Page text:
Sibylle Jenni defines her furnishing style as simple and restrained.
She has turned her apartment into an oasis where she can find calm and new strength.
We visited the entrepreneur at her home in Zurich.
The herringbone parquet creaks. The scent of freshly ground coffee beans wafts through the air. Anyone who visits Sibylle Jenni immediately feels at home. She prepares cappuccinos with an espresso machine and invites us into the living room.
"Where shall we start?" she asks.
For the past two years, Sibylle has lived in a three-and-a-half-room apartment in Zurich's Kreis 6. It's a stroke of luck to find affordable housing in this neighborhood. With her flair for design, she lends dignity to the old building.
"As my everyday life is quite varied, colorful, and noisy, it is important for me to be able to come back to an oasis that radiates calm and has a harmonious effect on me in the evening," she says. "For me, home is a place to recharge." Chaos often reigns in her head, so she likes to keep things neat and tidy at home.
Sibylle is the founder and managing director of The Tiny Factory, a Zurich-based manufacturer specializing in the production of granola, an American-style crunchy muesli. The creativity she brings to her work in the bakery is also reflected in the furnishings of her home. She bought the bathroom furniture in a vintage store in Zurich. It was bright orange. Sibylle had it spray-painted. Her work space is integrated into her home, and was also custom-made: "Since the idea of a rectangular desk seemed a little cumbersome to me, I had the table top sawn into a shape I liked," she says.
The Zurich native likes to try things out spontaneously. Sometimes things go wrong, but you just have to do it. Her motto is "learning by doing."
But there is a lot of attention to detail in Sibylle's home furnishings as well. Every object has its own very particular place. She has a black Linck vase on her bedside table. A drawing by the Romanian playwright and painter Eugène Ionesco, a spontaneous purchase from a small art studio around the corner, hangs on the wall in the entrance. From her work space she looks into the face of Elvis Presley, the man she says had the most beautiful voice in the world. "I traveled to Vevey especially for this graphic portrait."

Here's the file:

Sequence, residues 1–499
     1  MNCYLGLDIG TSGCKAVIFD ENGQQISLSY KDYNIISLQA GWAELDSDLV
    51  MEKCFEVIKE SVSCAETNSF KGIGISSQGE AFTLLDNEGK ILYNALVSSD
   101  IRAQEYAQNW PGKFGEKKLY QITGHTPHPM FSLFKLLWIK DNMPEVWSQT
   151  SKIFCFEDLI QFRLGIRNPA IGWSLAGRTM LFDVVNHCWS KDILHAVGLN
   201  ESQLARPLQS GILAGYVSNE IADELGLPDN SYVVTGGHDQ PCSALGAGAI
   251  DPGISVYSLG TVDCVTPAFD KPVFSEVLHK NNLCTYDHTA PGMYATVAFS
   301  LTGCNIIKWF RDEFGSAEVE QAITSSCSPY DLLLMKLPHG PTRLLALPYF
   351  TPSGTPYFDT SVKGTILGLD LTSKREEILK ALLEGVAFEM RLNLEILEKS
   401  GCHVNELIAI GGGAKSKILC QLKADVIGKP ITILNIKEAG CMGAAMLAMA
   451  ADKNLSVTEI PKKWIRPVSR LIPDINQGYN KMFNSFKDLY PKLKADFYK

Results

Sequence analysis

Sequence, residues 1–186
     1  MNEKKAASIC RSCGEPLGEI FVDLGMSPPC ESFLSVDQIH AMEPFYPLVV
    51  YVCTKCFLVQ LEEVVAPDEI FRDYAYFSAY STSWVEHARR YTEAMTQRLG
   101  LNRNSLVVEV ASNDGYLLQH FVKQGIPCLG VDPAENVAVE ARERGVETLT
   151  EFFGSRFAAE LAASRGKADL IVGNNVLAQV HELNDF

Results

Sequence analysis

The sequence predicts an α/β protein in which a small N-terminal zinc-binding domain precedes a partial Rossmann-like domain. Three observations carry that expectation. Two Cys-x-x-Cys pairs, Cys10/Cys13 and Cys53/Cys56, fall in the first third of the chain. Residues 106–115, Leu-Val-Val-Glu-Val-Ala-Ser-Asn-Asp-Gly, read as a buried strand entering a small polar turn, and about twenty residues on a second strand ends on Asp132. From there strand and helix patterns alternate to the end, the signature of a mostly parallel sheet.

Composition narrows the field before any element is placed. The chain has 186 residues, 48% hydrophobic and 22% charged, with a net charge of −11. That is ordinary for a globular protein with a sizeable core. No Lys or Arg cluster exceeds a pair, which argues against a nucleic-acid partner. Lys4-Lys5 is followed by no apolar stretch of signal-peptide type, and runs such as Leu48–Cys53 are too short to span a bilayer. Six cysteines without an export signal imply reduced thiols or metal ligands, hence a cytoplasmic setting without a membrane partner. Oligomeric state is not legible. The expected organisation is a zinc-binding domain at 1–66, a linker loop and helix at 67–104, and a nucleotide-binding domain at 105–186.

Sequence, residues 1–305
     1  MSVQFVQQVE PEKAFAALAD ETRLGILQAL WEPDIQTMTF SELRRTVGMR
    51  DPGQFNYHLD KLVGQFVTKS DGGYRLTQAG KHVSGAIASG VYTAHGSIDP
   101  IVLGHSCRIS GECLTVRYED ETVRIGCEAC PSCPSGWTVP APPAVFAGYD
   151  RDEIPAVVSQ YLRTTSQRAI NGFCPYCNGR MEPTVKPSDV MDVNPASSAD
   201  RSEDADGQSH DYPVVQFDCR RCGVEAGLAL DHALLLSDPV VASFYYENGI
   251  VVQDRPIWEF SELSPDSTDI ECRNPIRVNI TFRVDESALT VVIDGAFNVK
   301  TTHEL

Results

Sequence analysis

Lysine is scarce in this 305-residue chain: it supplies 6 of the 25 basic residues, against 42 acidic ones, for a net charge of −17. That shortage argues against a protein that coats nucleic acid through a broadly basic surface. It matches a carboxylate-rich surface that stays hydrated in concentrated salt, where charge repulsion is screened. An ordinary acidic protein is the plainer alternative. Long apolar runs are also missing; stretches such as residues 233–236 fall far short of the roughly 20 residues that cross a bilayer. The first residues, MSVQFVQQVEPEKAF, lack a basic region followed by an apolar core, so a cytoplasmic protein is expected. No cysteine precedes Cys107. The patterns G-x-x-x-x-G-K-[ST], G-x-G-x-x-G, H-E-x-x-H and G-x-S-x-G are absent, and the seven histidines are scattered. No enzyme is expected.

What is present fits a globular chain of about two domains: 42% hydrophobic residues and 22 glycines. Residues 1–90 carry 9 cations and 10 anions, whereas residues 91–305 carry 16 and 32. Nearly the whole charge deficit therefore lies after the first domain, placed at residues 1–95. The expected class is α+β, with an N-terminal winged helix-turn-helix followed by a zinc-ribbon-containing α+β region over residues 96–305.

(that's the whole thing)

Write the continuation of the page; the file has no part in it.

As a self-employed small-business owner, Sibylle's budget is limited. As well as items that she sometimes has to dig a little deeper into her wallet for, there are also many items in her home that are full of sentimental value. She has no clear idea of how a flat should be furnished, she says. And yet a theme can be identified. "I describe my style as simple and restrained. I like clear forms. It's important to me that the beauty of each object is showcased and honored." For this reason, Sibylle gives the objects space to take effect. "I am amazed myself at how everything has turned out."
On our tour of the apartment, Sibylle points to a cup on the shelf. It is one of her favorite pieces, something she picked up on a train journey through Vietnam. "Whenever I drink from this cup, I am reminded of the tranquility of the person who painted these fine strokes on the porcelain."
Sibylle’s personality is behind every object in the apartment. This even applies to the simple sofa. "I hate to admit it, but in the two years I've lived here, this is now the third couch that's been here," she says, smiling. Her search for the perfect interior never ends. At the moment, she is still missing a punk rock-style poster, she says. And since she couldn't find one anywhere, she decided to take a graphics course and create the picture herself. Learning by doing.